Join over 5,000 people who receive the Anecdotally newsletter—and receive our free ebook Character Trumps Credentials.
- Business storytelling
- Corporate Storytelling
- Employee Engagement
- Leadership Posts
- May 2023
- April 2023
- March 2023
- February 2023
- January 2023
- December 2022
- November 2022
- October 2022
- September 2022
- August 2022
181 – It’s never too late – Judith Curphey
Filed in Anecdotes, Podcast
Podcast: Play in new window | Download
Subscribe: Apple Podcasts | Spotify | Stitcher | RSS
It’s never too late; if you believe something should be different, try to change it. Listen to hear how Judith Curphey went from retirement to founding and training one of Australia’s most renowned choirs.
This week on Anecdotally Speaking, Shawn shares the story behind the Australian Girls Choir, which famously featured in QANTAS’ I Still Call Australia Home campaign. Judith Curphey founded the choir after retiring from her career as a music teacher, tiring of the common belief of the time that boys were better singers than girls.
Later in the episode, Mark invites listeners to subscribe to our monthly newsletter, Anecdotally, from where we’ll point you towards our latest and best content! You can do so here.
For your story bank
Tags: beliefs, bias, change, growth, making a difference
This story starts at 01:50
In 1984 and at 55 years old, Judith Curphey retired from her career as a music teacher. She’d worked as a Music Director across girls’ schools in Melbourne and had worked in London too.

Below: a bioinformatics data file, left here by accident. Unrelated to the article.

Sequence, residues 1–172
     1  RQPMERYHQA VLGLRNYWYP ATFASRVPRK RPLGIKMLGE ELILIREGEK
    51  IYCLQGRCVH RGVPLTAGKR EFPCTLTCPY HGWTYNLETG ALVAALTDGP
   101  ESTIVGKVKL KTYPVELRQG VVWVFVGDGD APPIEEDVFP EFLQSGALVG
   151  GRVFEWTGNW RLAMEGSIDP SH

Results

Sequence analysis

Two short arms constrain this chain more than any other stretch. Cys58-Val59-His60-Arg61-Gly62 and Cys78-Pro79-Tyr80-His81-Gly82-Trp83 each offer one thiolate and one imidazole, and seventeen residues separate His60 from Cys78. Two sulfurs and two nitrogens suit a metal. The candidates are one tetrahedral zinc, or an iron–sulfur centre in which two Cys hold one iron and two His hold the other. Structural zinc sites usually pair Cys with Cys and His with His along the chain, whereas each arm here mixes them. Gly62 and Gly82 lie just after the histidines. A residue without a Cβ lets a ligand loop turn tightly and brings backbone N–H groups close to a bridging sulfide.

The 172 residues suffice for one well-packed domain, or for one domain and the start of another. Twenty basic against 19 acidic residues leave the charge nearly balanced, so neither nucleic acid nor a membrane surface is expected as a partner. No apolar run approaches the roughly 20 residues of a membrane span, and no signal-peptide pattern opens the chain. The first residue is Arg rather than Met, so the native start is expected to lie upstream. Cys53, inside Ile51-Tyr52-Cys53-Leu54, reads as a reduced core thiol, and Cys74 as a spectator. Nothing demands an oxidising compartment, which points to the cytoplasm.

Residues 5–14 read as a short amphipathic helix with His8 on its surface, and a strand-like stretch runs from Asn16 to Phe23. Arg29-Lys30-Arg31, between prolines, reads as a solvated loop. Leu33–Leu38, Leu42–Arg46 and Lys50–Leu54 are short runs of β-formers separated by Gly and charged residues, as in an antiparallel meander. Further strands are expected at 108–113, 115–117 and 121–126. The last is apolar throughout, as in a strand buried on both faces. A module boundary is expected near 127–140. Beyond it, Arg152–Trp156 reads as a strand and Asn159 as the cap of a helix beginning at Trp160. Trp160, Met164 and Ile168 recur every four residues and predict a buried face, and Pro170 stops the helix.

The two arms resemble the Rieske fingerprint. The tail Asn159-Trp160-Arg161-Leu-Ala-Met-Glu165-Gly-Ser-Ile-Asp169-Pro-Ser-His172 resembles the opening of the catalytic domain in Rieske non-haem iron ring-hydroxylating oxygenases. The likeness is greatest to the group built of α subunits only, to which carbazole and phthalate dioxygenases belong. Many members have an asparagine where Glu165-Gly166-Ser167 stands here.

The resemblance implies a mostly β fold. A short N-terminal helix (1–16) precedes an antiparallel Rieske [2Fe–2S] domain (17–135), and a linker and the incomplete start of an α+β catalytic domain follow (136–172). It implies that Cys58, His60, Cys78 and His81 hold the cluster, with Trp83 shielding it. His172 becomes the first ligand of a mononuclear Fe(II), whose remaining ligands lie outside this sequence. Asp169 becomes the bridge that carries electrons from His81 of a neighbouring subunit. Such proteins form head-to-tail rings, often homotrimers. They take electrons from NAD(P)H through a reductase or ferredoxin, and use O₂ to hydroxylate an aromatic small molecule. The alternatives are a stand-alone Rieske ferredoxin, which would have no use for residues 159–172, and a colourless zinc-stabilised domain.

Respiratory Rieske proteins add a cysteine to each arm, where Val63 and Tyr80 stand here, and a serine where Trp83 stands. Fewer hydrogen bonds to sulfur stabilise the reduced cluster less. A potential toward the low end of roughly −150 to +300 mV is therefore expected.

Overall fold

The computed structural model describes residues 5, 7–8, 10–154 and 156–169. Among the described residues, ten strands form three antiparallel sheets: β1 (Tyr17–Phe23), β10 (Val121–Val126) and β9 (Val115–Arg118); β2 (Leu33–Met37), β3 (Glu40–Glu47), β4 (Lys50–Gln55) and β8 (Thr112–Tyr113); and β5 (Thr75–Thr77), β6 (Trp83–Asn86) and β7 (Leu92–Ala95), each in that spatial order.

But she was bothered by the common belief of the time that boys were better singers than girls. The famous choirs of the day were all boys’ choirs.
So she decided to do what she could to change it and started a company that trained girls to sing in choirs—the Australian Girls Choir.
Judith enlisted her family to help. Her mum worked in administration for the company, and her sister worked in logistics, leaving Judith tutoring. They held four classes in Burwood, Melbourne, and had 150 students.
Judith had the instinct that their choir training would need to be rigorous to be respected. So she implemented a uniform and strict rules for her students, governing how they dressed and behaved.
But she also knew that children learned best and persisted when they had fun, so she filled their classes with games.
Under her leadership, the Australian Girls Choir grew and grew. The company is now represented in each Australian capital city and trains some 7,000 girls.
Judith is 94 and is still active in the company. In 2004, she received a Medal of the Order of Australia (OAM) for services to music, particularly through the Australian Girls Choir.
About Anecdote International
Anecdote International is a global training and consulting company, specialising in utilising storytelling to bring humanity back to the workforce. Anecdote is now unique in having a global network of over 60 partners in 28 countries, with their learning programs translated into 11 languages, and customers who incorporate these programs into their leadership and sales enablement activities.